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    Doing 32 of these consecutively may be more difficult, but I think a tour jeté is more difficult if you just compare one to one.

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  • June 5, 2018 at 4:58 am
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    It is so bad every other person in the comment section is just complaining

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  • June 5, 2018 at 8:08 am
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    Yall must be scared of pulling your big toe right

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  • June 5, 2018 at 3:11 pm
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    It's not fou-E-tte, it's just fouettes the u and e is quickly said. (Sorry it was bothering me) 😞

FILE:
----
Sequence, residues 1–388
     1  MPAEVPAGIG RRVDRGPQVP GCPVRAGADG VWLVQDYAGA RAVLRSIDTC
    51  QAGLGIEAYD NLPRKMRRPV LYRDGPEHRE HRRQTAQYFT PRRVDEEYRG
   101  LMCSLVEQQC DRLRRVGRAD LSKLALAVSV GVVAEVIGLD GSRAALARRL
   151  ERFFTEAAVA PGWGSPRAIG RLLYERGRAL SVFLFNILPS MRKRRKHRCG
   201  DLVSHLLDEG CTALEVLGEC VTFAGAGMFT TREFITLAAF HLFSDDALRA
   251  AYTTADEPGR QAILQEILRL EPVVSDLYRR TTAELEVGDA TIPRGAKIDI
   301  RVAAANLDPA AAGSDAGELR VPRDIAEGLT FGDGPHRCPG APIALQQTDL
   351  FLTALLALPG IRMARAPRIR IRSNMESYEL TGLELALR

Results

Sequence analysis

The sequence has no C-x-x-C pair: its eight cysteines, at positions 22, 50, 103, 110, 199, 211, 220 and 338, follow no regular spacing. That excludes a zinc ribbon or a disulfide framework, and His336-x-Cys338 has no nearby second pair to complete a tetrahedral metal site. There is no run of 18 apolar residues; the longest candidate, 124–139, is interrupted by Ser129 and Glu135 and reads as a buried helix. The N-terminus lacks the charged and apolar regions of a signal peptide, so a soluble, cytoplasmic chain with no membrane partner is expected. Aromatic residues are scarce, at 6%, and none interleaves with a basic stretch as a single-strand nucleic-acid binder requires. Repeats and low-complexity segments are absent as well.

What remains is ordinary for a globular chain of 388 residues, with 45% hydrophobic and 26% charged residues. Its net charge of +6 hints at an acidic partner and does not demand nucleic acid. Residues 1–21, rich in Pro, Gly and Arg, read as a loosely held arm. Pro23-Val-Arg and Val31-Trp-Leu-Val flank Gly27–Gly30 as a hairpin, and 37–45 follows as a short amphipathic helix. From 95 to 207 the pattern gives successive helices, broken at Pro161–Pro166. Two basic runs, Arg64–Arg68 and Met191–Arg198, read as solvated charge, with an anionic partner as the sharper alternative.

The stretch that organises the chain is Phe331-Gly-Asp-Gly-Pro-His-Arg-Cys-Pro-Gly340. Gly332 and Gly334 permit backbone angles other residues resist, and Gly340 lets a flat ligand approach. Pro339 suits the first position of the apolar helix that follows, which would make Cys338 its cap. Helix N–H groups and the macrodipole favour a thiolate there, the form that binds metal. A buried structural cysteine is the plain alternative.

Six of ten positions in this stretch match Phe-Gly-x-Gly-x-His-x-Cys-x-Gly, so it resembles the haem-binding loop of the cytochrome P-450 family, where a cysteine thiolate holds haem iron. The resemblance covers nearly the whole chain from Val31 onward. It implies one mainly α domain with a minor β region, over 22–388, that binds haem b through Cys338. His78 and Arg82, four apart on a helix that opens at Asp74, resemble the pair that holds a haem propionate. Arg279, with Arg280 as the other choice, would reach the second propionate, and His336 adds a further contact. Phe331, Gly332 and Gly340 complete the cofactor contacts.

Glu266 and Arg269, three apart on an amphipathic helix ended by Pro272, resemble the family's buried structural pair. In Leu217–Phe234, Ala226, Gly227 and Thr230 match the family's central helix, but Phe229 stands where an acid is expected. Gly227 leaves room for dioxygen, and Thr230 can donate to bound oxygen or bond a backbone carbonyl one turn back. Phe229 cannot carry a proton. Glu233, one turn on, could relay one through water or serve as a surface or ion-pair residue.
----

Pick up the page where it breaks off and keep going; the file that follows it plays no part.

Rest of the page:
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  • June 11, 2018 at 10:45 am
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    You forgot a very important step, the head.

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  • June 13, 2018 at 5:07 am
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    is this a joke? in don quixote you have to do 64. also if you drop your elbows your teacher will smack you

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  • June 13, 2018 at 1:06 pm
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    Omg dancer here the verbs used to describe the movement its making me cringe. Im only 20 seconds in oml. Sooooo let me just say that its a turn she is turning…not spinning it's different. Also she isnt bobbing she is plieing then releveing. Ok I can continue watching in good conscious